I have a feeling that the 2012 NFL Draft is going to be one of those April Christmases that presents the Buffalo Bills with a lot of options. In fact, it might be unsettling to fans knowing that there may not be one unanimous clear-cut choice when the Bills are on the clock.
Sitting at pick 10 in the first round, Buffalo will certainly have a chance to land an immediate-impact player. The question is, who?
They need help at WR; Justin Blackmon could be available.
They need help on the offensive line; Riley Reiff, Jonathan Martin and/or Mike Adams might be sitting there for the taking.
They need help at corner; Dre Kirkpatrick is solid, and what if Morris Claiborne drops?
And they need help rushing the passer; even if Quinton Coples is gone, prospects such as Melvin Ingram, Courtney Upshaw, Devon Still and Nick Perry have promising futures.
So how do the Bills decide what to do with their first-round pick?
Obviously, much of their decision will be decided by what other teams choose to do ahead of them in the draft. My expectation is that elite talents like Blackmon (WR), Reiff (OT), Martin (OT), Coples (DE) and Claiborne (CB) will all probably be gone by the time Buffalo makes its selection.
If that’s the case, the choice comes down to two players, in my opinion: Melvin Ingram and Courtney Upshaw.
Here’s why Ingram gets the nod.
Both are experienced with decorated collegiate careers from quality programs.
Both players help address a need for the Bills.
The primary difference between these two prospects is that Upshaw is primarily suited as an OLB for a 3-4 defense while Ingram is a bit more versatile and can contribute at multiple positions. For this reason, Buffalo will pull the trigger on Ingram with the 10th overall pick.
Ingram’s versatility is achieved by his combination of speed, power and athleticism. According to TFY Draft Insider, there is speculation that Ingram will run his 40 time in the 4.6 range, which would be impressive for his size. If this were to happen, TFY’s writer suggests that the former Gamecock “will skyrocket up boards.”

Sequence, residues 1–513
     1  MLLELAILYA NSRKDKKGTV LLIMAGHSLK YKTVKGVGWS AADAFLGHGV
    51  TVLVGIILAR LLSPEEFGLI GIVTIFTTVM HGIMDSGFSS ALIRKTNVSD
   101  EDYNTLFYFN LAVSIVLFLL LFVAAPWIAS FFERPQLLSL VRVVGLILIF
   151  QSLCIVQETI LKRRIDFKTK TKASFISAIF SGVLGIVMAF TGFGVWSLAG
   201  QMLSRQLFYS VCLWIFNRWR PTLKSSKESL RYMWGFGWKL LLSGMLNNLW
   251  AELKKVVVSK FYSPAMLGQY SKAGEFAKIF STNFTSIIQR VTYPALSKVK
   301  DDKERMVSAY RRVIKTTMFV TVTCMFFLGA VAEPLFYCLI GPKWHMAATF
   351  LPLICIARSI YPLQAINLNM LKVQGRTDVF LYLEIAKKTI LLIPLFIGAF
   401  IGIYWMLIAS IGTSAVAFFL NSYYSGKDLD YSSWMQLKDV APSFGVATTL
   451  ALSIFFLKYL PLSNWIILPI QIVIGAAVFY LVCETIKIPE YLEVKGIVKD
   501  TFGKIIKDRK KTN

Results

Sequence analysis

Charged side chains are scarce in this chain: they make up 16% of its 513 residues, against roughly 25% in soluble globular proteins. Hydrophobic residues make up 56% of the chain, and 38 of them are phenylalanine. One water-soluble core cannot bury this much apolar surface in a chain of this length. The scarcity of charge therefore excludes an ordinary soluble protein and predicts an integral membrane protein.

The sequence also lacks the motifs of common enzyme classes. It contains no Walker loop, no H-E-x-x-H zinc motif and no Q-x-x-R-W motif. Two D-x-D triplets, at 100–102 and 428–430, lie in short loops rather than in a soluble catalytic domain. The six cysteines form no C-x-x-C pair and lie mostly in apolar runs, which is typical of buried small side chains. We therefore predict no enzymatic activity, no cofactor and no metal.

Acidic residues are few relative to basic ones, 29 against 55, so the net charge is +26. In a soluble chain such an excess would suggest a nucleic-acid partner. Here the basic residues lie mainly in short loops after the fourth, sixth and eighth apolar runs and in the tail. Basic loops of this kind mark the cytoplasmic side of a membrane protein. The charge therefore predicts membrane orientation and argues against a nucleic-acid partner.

Rotoworld calls Ingram “the draft’s most versatile pass rusher, capable of playing linebacker, end, and tackle.” This kind of versatility will be extremely attractive to Buffalo, who desperately needs an answer to their problem of getting to the quarterback.
Ingram could be used as a 4-3 DE for the Bills and could also bounce outside as a 3-4 OLB when the team uses its hybrid fronts.
Even more, with All-Pro DT Kyle Williams and former second-round pick DT Torell Troup both returning from injuries, Ingram’s ability to slide over to DT will be valuable for Buffalo in case one or both of these players misses time.
Bills’ lead journalist Chris Brown believes that Ingram “has every bit the power to his game as Upshaw and might offer more speed and athleticism.”
Who is the better pick for the Bills?
But this debate is a matter of splitting hairs, and if we split the hair between these two young players just right, it might suggest that Ingram is actually the better fit for what Buffalo is trying to do defensively.
Either way, come April, Bills fans should be able to agree on one thing: If the Bills take one of these players, they will get themselves one heck of a pass-rusher.
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